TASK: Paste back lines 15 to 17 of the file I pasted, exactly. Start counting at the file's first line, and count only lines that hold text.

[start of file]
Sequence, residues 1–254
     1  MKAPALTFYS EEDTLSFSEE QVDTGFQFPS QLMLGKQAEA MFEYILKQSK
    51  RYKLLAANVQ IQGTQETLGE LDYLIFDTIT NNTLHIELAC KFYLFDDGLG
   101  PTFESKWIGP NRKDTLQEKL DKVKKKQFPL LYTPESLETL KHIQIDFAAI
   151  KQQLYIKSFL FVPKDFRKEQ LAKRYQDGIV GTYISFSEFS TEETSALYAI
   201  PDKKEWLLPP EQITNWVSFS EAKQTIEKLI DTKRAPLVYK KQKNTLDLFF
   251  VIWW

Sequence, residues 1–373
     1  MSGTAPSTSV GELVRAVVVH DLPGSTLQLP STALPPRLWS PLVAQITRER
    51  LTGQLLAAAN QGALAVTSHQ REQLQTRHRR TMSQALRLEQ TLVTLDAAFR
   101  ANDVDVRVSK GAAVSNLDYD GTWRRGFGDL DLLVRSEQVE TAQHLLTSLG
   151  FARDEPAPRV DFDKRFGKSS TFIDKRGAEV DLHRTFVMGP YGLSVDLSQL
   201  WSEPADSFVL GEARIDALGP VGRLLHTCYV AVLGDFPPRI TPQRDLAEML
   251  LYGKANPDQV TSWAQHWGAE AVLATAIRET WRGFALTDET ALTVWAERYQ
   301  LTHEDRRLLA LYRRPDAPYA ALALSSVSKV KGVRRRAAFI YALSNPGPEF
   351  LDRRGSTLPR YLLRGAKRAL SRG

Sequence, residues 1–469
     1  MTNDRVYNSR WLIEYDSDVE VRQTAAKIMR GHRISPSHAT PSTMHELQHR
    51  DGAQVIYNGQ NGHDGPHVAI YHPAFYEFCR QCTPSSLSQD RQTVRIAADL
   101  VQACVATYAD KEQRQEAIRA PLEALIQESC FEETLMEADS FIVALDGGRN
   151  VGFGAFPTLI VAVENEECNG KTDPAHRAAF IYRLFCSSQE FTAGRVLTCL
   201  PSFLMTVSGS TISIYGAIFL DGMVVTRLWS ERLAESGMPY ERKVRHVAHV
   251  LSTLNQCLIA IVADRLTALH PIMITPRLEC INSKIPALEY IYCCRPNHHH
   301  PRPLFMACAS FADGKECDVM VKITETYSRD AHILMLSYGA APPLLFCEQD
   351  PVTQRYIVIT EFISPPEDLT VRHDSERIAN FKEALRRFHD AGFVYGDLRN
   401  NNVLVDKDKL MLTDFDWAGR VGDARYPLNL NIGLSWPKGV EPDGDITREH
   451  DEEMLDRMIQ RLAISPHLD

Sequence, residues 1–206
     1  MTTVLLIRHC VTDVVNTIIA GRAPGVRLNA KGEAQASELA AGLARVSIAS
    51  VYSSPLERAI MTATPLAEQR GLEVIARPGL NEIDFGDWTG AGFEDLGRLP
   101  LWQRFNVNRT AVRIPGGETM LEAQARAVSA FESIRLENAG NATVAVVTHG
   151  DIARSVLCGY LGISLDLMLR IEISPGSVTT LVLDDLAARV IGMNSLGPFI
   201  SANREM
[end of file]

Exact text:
   301  LTHEDRRLLA LYRRPDAPYA ALALSSVSKV KGVRRRAAFI YALSNPGPEF
   351  LDRRGSTLPR YLLRGAKRAL SRG

Sequence, residues 1–469